News Article

Electoral system and women’s representation in Nepal: need for reform?

International IDEA in collaboration with Demo Finland, UN Women and the Embassy of Finland organized a seminar on the Electoral System and Women’s Representation in Nepal: Need for Reform?on 4 March 2014 in Kathmandu.

270 people participated, including Constituent Assembly (CA) members, representatives from political parties, civil society, media and academics.

In the opening session Undersecretary of State from Ministry of Foreign Affairs of Finland, Ms Anne Sipilainen shared the Finnish experience of achieving equal representation between men and women. She highlighted the Finnish Act on Equality between Women and Men which contains a gender quota provision of 40 per cent in nominations to State committees, advisory boards, as well as municipal bodies (with the exception of municipal councils). In Finland, the representation of women in parliament currently stands at 42.5 per cent despite the absence of electoral quotas for parliamentary elections. This is only possible because the parties in Finland have set their own voluntary quotas and include an equal number of women and men candidates.

Heidi Hautala sharing Finnish experience

Heidi Hautala shares Finnish experiences at the seminar
Photo ©: IDEA

The seminar included presentations by Ms Heidi Hautala, a Finnish politician who shared her experiences as a women politician. There were also presentations by Nepali speakers including Khimlal Devkota of UCPN (Maoist) on Revising Electoral System to Ensure Women’s Representation in the Parliament; Pushpa Bhusal of Nepali Congress on Safeguarding achievement of the previous CA in the new Constitution and Astalaxmi Shakya of CPN-UML on Women Participation and Access into Leadership and Decision Making in Nepal: Decades of Struggle.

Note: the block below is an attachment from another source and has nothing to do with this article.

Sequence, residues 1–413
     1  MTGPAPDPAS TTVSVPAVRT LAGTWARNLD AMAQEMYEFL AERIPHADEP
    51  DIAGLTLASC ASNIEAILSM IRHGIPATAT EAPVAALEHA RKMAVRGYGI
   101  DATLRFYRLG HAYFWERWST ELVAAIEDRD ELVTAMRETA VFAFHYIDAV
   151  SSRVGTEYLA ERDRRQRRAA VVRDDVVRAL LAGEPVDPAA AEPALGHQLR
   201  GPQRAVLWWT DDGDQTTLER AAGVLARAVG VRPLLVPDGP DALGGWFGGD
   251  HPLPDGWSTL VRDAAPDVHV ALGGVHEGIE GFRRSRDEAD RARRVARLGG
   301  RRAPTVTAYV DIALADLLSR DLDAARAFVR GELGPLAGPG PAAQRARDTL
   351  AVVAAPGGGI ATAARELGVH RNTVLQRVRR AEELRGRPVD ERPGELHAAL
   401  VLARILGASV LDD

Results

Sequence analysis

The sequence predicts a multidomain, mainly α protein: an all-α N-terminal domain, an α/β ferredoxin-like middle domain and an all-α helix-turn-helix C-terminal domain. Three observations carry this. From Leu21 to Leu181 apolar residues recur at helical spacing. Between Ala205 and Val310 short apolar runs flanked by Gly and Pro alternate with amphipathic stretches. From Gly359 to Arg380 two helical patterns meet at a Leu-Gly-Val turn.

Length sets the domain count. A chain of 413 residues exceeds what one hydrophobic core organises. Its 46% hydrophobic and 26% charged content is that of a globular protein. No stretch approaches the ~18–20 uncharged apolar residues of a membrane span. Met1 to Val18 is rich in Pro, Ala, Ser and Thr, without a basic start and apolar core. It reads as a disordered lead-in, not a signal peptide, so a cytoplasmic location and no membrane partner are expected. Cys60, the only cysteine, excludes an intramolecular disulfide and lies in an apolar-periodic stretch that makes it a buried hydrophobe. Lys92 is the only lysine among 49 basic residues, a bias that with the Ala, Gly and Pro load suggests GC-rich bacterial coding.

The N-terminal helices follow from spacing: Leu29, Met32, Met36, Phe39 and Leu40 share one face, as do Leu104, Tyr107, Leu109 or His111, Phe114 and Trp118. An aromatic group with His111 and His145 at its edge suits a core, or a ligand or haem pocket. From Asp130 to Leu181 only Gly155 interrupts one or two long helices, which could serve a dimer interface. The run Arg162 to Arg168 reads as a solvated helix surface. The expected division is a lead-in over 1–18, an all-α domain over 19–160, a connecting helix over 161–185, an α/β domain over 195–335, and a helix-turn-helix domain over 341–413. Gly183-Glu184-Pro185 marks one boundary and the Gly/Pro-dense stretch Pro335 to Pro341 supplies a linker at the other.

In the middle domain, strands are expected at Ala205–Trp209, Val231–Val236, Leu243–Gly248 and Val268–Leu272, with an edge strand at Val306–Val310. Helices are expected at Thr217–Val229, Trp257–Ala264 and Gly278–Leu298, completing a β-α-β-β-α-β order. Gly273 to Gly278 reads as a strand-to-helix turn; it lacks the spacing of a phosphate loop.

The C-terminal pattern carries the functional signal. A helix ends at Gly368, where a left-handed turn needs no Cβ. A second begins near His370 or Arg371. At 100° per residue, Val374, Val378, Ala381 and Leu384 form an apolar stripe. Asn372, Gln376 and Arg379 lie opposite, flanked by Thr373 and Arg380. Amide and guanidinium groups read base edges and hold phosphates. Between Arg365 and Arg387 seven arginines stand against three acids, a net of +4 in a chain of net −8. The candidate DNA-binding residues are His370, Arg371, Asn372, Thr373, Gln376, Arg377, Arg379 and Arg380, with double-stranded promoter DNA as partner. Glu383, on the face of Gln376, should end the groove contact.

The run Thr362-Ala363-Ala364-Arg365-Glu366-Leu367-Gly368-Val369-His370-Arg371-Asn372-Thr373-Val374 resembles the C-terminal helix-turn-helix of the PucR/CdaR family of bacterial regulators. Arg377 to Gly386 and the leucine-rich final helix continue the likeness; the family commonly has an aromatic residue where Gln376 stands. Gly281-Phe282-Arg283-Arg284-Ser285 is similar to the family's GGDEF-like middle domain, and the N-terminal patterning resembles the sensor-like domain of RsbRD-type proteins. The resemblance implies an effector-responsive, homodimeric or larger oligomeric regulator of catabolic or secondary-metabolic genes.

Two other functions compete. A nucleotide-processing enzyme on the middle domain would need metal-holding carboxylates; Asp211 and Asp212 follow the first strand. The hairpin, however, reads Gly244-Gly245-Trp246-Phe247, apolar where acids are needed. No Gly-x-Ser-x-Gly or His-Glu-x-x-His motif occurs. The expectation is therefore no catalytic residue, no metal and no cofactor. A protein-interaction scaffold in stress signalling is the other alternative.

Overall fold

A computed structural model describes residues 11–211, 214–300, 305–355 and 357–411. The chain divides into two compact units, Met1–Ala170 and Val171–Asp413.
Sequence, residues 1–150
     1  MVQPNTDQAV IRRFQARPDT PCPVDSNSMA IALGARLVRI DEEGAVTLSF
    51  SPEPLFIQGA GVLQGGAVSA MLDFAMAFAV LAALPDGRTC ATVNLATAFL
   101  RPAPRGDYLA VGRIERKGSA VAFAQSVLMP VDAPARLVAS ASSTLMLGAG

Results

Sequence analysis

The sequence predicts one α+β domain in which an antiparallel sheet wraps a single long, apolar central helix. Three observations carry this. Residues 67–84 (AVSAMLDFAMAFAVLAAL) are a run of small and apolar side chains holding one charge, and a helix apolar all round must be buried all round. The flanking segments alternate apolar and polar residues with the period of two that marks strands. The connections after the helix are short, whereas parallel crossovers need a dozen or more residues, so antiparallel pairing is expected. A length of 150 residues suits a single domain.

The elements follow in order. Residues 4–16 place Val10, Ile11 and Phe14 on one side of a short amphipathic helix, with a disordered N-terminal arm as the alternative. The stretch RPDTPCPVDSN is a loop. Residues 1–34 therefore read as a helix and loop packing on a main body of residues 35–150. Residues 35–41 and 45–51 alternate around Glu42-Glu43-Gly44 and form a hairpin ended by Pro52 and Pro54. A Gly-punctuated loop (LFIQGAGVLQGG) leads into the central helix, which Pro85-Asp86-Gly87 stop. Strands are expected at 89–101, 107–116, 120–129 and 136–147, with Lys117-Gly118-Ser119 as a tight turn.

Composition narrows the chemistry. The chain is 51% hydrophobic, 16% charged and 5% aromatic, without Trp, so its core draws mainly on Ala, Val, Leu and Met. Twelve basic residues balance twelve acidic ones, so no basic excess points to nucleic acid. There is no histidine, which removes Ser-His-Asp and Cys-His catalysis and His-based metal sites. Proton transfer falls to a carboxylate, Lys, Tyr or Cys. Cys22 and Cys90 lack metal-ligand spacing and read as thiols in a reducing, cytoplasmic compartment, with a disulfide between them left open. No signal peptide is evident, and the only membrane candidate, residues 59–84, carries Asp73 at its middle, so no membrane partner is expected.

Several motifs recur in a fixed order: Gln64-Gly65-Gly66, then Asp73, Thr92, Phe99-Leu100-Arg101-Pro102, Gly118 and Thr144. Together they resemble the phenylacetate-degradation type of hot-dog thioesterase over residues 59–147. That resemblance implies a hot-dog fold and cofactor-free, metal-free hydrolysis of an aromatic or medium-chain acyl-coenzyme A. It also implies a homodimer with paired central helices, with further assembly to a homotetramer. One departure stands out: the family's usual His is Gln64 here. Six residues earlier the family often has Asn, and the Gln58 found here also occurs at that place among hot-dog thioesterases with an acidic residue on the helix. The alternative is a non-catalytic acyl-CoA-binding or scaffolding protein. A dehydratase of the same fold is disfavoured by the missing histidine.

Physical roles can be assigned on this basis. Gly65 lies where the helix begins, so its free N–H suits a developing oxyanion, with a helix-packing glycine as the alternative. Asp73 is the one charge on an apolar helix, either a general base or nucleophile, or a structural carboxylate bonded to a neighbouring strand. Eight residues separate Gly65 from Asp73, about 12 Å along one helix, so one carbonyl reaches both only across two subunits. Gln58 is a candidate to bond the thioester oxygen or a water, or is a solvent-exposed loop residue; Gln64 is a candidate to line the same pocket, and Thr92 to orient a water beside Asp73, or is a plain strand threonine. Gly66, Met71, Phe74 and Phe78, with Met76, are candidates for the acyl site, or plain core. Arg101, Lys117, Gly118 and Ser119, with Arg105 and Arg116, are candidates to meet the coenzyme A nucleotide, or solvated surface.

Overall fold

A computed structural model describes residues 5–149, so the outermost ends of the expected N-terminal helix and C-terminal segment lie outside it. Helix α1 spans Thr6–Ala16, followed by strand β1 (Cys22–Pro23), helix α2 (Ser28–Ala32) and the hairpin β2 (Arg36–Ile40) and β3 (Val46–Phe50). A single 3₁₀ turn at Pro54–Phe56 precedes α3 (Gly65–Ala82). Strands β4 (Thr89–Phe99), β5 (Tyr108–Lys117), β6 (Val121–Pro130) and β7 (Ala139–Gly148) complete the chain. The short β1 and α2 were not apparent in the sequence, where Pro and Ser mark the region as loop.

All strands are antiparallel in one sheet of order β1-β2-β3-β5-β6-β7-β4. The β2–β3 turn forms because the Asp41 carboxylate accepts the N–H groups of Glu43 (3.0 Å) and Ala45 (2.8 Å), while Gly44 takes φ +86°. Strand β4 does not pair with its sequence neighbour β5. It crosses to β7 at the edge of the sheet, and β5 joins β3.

The seminar was part of the exhibition 100 years of Women’s Voices and Action in Finland, being held at the Siddhartha Art Gallery between 10-15 March 2014. The exhibition is a visual illustration and celebration of the journey of Finnish women – and men – towards gender parity and women’s equal political participation over the past 100 years. The exhibition was curated by the National Council of Women (Finland) and has travelled to various parts of the world to mark the 100th anniversary of women’s voting rights.

Some excerpts from the conference:

‘Gender equality has not been achieved anywhere in the world yet. In Finland we have made progress but face also many challenges — among the biggest are violence against women and unequal pay. Progress has been made with women’s representation in the parliament and in public sector decision making.’ Ms Anne Sipilainen, Undersecretary of State from Ministry of Foreign Affairs of Finland

‘33 per cent is only the starting point, we must fight for 50 per cent of women’s representation. It is necessary to ensure gender equality to make the new federal model viable in Nepal.’ Hon Astalaxmi Shakya, CA member, CPN-UML

‘The Nepalese Constitution, once completed, has a good chance of being one of the most progressive constitutions in the world as it will be based on a modern understanding of the society and politics’. Ms Heidi Hautala, Finnish Politician, Green Party, Former Minister of International Development

‘The representation of women and other marginalized groups was conspicuously high in Nepal in the last two CA elections because of the PR system. Furthermore, the quota system was an effective force for change in women’s participation and decision making.’ Mr Ziad Sheikh, Representative of UN Women

‘The first CA has achieved much in terms of ensuring women’s rights and there is need for the CA-II members of take ownership of those achievements.’ Ms Pushpa Bhusal, politician, Nepali Congress

‘The main challenge is to sustain the achievements of women’s representation that we have already made in Nepal. Now Nepal has almost 30 per cent women’s representation in the Constituent Assembly (CA) which is less than in the previous CA. For that the PR system should be reformed rather than blamed, it should no longer be a secret list- a voter should know who they are voting for’. Mr Bhojraj Pokharel, Former Chief Election Commissioner

By Deepti Khakurel, International IDEA, Nepal